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I am not going to write a technical review. I’m too lazy to do that. This is just my opinion about this thing.

Why Did I Buy This Thing?

I bought the Lightsphere because they have a good marketing team. Also, at every photo shoots and events I went, all the photographers seemed to use them. 

I shot at events before as an amateur. They were usually indoors in dimly-lit places. I used my bounce flash, on camera flash, or even no flash at all since my Fuji X100 has great low-light capabilities.

I was going to a photo shoot at the Havana Club. I decided to look like a real photographer and got the Lightsphere. Besides, I was curious to see what it can do.

How It Works

It’s like a bounce card. Except it works like a lamp and emits soft light everywhere. 

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See the picture up there? It does look like a little lamp. I can read a book next to it. Well, not really. I couldn’t see a thing since the flash only lit me for 0.001 second.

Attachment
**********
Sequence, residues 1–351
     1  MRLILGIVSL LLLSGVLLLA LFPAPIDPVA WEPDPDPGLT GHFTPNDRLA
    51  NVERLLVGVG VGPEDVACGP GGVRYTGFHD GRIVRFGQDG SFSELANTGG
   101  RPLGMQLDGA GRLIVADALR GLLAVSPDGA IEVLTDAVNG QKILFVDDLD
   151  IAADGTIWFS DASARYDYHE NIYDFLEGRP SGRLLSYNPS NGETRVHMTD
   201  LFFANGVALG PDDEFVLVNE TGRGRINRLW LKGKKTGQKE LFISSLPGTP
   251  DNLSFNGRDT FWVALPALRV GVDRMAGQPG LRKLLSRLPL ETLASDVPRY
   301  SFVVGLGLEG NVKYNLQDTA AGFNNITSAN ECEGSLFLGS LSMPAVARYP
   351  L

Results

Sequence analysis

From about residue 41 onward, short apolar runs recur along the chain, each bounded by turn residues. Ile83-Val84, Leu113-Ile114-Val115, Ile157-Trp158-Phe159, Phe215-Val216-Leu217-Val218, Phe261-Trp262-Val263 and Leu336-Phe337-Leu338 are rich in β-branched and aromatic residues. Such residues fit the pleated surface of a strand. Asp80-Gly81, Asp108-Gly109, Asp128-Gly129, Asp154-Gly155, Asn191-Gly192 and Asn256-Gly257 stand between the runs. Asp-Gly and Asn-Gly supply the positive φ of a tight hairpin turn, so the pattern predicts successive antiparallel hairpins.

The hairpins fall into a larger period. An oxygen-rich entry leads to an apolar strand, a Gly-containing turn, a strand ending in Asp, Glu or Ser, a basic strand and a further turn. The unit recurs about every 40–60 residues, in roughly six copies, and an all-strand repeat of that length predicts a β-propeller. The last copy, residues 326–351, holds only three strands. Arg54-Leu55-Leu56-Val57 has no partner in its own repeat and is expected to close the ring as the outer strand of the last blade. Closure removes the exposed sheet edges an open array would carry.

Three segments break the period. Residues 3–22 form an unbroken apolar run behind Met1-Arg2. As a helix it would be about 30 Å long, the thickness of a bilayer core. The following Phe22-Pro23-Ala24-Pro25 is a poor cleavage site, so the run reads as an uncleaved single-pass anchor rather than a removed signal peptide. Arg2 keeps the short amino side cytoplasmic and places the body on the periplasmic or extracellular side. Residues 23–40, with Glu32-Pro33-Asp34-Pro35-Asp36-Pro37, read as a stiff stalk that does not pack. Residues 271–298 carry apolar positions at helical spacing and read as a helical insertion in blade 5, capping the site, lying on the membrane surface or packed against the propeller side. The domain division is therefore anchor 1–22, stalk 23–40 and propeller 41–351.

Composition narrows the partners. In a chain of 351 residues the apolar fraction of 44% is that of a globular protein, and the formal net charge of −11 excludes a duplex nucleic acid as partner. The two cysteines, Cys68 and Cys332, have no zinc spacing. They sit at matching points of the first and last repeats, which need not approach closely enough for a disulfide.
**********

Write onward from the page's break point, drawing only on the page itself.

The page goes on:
Basically, it bounces the light to the ceiling (or wherever) and emits a soft light towards your subject. 

PROS

I got the Lightsphere Collapsable. It collapses into a tiny shape. I carry a small camera bag because my Fuji X100 is small. I was worried that it wouldn’t fit in the bag. I was relieved it fit into my bag no problem. The collapsable shape makes it easy to carry.

They advertise it can fit onto many different flash units. That is true. It fit on my Fuji EF-20. The flash slid right in.

When I tried to fit it into my Yongnuo YN 560, it was very tight. I had a hard time squeezing the flash into the Lighsphere. But it eventually fit. I think most people will use this size flash with the Lightsphere. Well, prepare for a tight squeeze. Too bad you can’t use lube.

At the Havana Club, Mandi had a Sony HVL-F20AM, I think. It didn’t fit onto that. The Lightsphere was too big for it. So, if you have that dinky Sony flash, don’t get this.

Cons